Optimization of the choice of molecular markers for varietal identification in Vitis vinifera L.
- Cite this article as:
- Tessier, C., David, J., This, P. et al. Theor Appl Genet (1999) 98: 171. doi:10.1007/s001220051054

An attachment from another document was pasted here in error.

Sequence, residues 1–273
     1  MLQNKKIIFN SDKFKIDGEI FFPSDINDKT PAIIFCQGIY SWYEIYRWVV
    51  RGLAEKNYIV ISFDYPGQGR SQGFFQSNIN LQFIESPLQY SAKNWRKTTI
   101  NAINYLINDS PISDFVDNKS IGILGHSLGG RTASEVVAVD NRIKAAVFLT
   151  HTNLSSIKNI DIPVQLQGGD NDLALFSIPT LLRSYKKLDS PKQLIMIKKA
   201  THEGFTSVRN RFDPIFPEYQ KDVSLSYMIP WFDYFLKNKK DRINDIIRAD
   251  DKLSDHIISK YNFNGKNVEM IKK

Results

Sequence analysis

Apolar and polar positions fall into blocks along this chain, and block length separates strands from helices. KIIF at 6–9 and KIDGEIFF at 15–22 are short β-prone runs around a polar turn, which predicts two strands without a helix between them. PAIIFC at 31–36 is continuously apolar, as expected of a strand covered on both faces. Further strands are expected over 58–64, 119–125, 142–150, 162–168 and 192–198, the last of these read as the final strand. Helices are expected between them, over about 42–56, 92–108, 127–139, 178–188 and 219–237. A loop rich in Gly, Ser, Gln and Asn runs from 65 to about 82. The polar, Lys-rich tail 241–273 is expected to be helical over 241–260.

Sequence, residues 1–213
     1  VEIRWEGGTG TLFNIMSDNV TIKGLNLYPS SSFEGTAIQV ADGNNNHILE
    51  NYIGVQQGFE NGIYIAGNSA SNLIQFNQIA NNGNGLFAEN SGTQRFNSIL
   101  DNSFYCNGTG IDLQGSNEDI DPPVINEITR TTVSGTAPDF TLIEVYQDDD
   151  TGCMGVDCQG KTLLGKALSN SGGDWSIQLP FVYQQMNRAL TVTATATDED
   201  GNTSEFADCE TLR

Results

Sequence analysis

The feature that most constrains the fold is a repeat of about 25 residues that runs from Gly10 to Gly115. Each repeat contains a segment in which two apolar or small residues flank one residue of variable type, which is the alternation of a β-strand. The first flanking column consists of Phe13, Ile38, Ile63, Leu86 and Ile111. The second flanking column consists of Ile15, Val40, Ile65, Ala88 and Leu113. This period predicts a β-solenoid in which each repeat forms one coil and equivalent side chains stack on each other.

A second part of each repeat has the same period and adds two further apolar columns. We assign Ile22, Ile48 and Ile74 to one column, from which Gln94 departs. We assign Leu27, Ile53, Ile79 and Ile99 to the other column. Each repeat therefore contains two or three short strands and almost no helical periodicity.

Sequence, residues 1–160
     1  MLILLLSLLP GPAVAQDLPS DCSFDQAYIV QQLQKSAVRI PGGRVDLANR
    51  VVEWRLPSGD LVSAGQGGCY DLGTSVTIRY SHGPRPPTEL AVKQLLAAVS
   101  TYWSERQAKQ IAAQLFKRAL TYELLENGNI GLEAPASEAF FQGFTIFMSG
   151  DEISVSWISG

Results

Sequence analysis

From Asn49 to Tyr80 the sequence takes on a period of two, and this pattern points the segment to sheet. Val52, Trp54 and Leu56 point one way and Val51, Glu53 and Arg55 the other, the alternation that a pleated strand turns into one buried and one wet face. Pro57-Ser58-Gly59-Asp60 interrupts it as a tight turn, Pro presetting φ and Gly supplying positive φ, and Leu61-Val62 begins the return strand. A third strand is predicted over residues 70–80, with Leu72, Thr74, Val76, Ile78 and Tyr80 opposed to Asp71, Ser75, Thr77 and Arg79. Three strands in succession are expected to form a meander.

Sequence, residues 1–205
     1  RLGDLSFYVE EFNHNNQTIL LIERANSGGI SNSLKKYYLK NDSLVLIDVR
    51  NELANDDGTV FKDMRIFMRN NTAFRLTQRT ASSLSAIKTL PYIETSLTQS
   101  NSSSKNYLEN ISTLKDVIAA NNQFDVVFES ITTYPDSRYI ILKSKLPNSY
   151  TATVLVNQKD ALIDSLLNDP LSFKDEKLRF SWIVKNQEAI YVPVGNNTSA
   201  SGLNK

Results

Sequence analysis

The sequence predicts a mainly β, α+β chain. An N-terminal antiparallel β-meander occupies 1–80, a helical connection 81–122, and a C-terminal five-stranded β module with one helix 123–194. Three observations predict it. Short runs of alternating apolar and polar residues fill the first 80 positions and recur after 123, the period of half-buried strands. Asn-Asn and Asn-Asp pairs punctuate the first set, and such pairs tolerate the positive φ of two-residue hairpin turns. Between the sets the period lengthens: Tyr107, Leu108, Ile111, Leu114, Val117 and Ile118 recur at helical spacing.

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The aim of this study was to develop a cultivar identification tool based on molecular analysis and a statistical approach. From the PIC parameter we defined the D parameter, which evaluates the efficiency of a primer for the purpose of identification of varieties; i.e. the probability that two randomly chosen individuals have different patterns. D can be used to compare different types of markers even if only the allelic frequencies are known. We used this parameter to develop an algorithm for selecting the optimal combination of primers necessary to identify a set of varieties. The optimal combination of primers determined for a small elite group of varieties applied on a larger set induces a risk of confusion involving 1 of the elite varieties. We estimated the risk of confusion using the D value of each primer of the combination. We applied this methodology on a set of 224 varieties of Vitis vinifera screened with 21 RAPD primers and two microsatellite loci. The discriminating power of the primers did not only depend on the number of patterns it generates but also on the frequencies of the different patterns. A combination of 8 primers (6 RAPD and two microsatellite) was found to be optimum for the discrimination of these 224 varieties. A subset of 38 elite varieties was also investigated. The determined optimal combination of 4 primers (3 RAPD and one microsatellite) applied on the 224 varieties gave 9 risks of confusion involving 1 of the elite varieties. Confusion can happen between varieties with the same origin as well as between varieties of very diverse geographical origins.